IDOMENI, GREECE (Reuters) - Europe's biggest refugee camp has no running water but now has at least eight barbers.
More and more migrants are developing small businesses as a means of survival.
The UN Refugee Agency says businesses started popping up when people realised the Greek-Macedonian border was indeed closed.
Syrian refugee Raied Anbtauy has opened up a falafel shop, because he says it's better to stay busy than idle.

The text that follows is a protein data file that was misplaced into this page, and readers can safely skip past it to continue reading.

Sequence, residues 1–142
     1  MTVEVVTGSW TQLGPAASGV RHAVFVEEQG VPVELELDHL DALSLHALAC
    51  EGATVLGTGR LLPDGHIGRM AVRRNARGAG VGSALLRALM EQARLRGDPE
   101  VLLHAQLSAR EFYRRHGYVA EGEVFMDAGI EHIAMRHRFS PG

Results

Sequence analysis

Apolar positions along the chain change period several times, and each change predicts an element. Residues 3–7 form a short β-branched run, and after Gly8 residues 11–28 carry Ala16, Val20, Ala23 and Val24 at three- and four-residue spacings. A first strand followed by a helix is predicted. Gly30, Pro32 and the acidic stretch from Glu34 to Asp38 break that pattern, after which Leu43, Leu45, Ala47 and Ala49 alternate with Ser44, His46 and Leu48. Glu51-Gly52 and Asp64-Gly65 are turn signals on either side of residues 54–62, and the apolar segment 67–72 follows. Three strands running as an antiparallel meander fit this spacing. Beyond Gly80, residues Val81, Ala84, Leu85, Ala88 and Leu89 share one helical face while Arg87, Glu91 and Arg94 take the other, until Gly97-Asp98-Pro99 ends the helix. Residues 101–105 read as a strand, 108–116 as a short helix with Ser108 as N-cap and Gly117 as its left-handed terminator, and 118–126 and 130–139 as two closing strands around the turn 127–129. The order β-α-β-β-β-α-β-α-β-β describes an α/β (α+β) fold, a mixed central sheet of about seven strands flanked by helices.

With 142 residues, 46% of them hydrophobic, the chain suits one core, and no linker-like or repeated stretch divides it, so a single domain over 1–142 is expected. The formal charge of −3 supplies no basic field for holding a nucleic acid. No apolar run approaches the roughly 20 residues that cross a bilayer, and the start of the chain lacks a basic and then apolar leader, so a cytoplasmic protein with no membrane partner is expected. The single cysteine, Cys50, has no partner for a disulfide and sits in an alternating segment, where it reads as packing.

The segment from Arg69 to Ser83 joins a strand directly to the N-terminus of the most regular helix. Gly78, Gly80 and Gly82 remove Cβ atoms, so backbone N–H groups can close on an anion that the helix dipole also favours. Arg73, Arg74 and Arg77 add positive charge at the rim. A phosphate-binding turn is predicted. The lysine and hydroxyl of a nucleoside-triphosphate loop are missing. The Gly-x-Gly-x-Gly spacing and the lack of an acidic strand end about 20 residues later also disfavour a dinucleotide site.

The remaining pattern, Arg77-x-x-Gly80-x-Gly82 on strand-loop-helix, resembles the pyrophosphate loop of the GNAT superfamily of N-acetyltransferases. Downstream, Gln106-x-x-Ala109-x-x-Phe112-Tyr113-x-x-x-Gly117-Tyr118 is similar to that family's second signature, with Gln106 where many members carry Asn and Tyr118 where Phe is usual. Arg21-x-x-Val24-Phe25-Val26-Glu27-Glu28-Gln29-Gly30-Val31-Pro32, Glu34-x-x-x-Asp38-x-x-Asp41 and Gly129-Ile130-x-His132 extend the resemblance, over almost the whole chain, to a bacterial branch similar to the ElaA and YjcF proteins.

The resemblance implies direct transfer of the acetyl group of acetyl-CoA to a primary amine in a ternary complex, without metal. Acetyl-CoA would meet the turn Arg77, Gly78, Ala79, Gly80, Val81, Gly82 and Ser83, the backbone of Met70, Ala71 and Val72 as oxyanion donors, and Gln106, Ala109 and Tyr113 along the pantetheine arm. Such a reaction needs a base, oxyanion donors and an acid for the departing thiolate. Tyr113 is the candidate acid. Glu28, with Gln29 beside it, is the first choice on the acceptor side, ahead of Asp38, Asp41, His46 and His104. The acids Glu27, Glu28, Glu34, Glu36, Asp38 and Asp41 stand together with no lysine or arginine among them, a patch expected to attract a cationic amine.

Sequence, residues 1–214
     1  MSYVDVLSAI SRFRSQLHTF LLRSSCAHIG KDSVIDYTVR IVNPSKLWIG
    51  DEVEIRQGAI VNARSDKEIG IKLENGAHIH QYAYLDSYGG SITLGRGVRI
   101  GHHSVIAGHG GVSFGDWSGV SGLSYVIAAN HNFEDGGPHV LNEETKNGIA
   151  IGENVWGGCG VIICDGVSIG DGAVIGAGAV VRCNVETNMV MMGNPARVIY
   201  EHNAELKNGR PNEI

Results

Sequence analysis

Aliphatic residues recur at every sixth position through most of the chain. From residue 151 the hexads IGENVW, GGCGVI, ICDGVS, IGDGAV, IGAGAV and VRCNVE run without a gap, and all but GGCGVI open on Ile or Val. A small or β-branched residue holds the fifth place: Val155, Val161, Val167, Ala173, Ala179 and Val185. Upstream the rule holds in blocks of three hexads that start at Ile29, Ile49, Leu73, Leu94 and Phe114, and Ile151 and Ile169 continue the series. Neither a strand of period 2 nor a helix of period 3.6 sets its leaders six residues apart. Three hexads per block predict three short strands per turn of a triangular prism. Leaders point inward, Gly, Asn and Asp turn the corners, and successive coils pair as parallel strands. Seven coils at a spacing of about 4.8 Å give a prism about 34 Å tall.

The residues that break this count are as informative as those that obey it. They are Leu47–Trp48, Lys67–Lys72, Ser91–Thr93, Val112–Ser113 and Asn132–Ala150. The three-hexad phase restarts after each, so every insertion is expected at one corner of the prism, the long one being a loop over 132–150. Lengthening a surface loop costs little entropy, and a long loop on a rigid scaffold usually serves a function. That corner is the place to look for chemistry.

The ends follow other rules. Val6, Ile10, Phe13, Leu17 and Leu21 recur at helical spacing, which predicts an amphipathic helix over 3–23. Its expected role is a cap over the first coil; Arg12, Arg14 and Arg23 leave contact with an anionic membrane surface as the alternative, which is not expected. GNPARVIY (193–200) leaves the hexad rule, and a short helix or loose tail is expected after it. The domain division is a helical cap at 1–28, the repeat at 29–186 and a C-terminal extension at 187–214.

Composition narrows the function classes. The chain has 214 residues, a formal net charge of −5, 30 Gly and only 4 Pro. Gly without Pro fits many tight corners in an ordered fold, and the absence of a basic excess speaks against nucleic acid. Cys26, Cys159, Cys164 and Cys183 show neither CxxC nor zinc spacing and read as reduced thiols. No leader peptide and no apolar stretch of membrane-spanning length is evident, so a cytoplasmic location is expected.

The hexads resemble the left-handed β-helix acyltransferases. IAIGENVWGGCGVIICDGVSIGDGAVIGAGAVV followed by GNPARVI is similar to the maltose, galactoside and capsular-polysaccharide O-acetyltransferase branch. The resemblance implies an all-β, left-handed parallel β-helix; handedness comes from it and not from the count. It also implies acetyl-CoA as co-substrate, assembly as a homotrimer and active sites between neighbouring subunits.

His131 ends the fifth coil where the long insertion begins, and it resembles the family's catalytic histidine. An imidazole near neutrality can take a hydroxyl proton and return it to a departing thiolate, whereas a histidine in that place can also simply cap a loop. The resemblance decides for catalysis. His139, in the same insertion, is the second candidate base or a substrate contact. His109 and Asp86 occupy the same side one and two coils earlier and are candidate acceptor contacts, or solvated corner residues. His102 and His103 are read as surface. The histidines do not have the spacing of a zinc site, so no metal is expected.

"It does not make us a profit, it does not make us extra money, but the important thing is to continue our lives until they open the gates or a way opens for us to leave."
Around 10,000 people are set up in the Idomeni camp and people are settling in for the long term. They refuse to move, despite being tear-gassed by Macedonian police and appeals by Greek authorities to move organised camps deeper inside the country.
Today, the camp has three improvised mosques, a kindergarten and a school, as well as at least four makers of falafel, who supplement food provided by non-governmental organisations (NGOs) which many migrants say is simply not enough for everyone.